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Mayo clinic is a fine medical institution, but like their doctors, the institution is somewhat narcisisstic. Mayo wants to do things their way and thinks that they know best.
One place where this causes trouble is Mayo's method of communicating with referring physicians. They send ENCRYPTED radiology CD's back to referring doctors. Encrypted ? I guess Mayo is trying to protect themselves from being sued for HIPPA violations, at the expense of their referring physicians. Lets imagine - -a Mayo clerk send's John Smith's MRI scan to one of the other 50 or so John Smith's in the medical system. The wrong John Smith reports Mayo to the government. Our government then sues Mayo for sending the wrong MRI. Not very likely, but could happen. So the safest thing for Mayo to do is to make sure NOBODY gets those images. They can do this by locking them down. So perhaps we have a situation where to be eliminate risk of a lawsuit from the federal government, Mayo degrades their core function, which is to communicate with referring physicians. Stranger things are always happening.
To be kind and assume that Mayo is not trying to just eliminate their legal risk from our government, Mayo may presumes on their part, that the referring doctors have no radiology viewing system (this is called a PACS). A PACS allows doctors to store radiology films and compare them across years. For example -- is that aneurysm getting any bigger ? Is that brain tumor growing ? One does this by comparing images across years. Almost nobody gets all of their radiology done at one hospital or medical conglomerate, and because of this, the Mayo policy greatly diminishes the ability of doctors in general to use Mayo information to keep track of their patient's tumors, aneurysms, etc.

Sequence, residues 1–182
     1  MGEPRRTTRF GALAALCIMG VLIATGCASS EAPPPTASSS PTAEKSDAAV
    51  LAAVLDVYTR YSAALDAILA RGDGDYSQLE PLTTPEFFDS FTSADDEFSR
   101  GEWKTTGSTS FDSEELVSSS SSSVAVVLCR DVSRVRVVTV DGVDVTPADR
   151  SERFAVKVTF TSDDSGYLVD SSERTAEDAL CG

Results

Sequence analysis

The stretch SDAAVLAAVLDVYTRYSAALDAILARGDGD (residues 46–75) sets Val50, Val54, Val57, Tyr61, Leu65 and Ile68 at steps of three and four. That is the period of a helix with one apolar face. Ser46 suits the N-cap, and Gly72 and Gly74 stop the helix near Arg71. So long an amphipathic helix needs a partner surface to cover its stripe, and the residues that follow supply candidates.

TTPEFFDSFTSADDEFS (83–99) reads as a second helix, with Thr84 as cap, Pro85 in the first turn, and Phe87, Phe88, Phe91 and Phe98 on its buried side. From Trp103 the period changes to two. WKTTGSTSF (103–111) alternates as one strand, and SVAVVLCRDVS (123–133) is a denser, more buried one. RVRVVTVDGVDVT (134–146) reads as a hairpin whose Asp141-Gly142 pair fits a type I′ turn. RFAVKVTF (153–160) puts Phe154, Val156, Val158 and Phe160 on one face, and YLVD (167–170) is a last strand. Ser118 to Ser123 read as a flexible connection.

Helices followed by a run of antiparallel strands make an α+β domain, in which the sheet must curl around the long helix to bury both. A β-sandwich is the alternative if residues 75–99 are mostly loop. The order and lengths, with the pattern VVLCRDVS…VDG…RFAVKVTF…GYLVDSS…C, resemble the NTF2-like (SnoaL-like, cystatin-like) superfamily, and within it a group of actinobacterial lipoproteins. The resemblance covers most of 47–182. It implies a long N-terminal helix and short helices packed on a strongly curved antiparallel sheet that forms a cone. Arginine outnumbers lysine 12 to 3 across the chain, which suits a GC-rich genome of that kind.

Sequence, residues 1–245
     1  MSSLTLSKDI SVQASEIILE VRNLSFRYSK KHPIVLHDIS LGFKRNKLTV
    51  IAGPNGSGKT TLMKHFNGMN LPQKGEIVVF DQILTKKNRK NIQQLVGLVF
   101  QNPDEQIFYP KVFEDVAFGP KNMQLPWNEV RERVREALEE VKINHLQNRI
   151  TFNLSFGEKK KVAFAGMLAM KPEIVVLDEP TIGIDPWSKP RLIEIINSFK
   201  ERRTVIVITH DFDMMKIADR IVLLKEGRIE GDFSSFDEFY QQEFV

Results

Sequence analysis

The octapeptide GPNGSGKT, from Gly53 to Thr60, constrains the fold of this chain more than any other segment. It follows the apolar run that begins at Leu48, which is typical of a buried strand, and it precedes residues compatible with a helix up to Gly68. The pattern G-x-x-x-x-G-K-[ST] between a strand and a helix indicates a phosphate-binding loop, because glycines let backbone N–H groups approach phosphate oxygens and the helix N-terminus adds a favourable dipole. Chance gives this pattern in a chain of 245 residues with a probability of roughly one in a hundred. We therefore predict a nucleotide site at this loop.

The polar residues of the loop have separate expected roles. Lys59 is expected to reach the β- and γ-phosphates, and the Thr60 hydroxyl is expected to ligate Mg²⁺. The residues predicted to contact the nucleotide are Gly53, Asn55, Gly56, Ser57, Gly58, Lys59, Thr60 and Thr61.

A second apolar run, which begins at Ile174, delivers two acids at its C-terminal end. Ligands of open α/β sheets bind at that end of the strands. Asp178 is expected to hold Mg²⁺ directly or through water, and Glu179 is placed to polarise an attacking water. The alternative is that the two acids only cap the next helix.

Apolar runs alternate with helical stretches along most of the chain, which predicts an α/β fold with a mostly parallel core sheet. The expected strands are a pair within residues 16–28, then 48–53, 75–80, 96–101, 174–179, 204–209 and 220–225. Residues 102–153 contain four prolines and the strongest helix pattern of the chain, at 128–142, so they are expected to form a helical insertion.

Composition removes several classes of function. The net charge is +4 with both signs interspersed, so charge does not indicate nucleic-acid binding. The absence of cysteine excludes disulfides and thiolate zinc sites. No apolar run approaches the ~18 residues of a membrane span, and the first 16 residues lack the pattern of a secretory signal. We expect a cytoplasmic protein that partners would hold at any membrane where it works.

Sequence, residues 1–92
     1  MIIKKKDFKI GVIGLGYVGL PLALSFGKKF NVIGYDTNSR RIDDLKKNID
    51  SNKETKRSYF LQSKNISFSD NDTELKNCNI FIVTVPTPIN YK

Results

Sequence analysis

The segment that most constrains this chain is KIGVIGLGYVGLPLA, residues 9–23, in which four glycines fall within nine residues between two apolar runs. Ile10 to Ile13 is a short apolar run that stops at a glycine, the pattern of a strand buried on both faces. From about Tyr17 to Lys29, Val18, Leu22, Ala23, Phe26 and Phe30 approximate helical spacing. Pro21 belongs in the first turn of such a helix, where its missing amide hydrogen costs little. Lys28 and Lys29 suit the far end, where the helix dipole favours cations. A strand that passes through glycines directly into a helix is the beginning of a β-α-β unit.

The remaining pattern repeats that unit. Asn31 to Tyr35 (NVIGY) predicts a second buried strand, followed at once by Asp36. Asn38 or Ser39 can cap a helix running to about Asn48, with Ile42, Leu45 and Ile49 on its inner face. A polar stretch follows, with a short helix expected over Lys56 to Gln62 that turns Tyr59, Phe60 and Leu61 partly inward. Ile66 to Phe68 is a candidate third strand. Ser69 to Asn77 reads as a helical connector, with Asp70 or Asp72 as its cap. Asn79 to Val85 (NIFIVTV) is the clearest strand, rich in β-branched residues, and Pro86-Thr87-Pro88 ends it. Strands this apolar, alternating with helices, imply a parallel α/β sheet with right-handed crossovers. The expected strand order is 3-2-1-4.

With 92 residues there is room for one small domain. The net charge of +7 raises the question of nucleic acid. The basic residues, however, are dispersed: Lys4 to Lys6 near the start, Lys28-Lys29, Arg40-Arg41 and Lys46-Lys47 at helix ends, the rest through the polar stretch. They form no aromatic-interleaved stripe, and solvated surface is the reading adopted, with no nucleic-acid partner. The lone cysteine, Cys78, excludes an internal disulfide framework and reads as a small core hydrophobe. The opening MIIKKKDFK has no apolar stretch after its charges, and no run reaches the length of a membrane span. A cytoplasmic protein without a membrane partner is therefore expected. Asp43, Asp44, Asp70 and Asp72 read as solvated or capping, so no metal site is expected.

Recently (i.e. 2018) I was amazed when a patient showed me their MRI scan on their iphone. Thats just great -- Mayo does an MRI on my patient, and sends them back with images on their cell phone. What about the referring physician ?
Also recently, I was emailed by Mayo, offering to allow me to connect up to their systems to view images remotely. This "pull" solution solves Mayo's problems, but it again degrades the referring doctor's function. How do I compare that aneurysm scan in Chicago to the one at Mayo ? Not very easy.
Bottom line --
It is best not to get your radiology (i.e. scans of this or that) done at Mayo. If you have an option of home testing or Mayo testing, home is nearly always better. Mayo can always get images from your institution (because almost nobody encrypts their radiology), but it doesn't go the other way.
|© Copyright March 4, 2018 , Timothy C. Hain, M.D. All rights reserved.|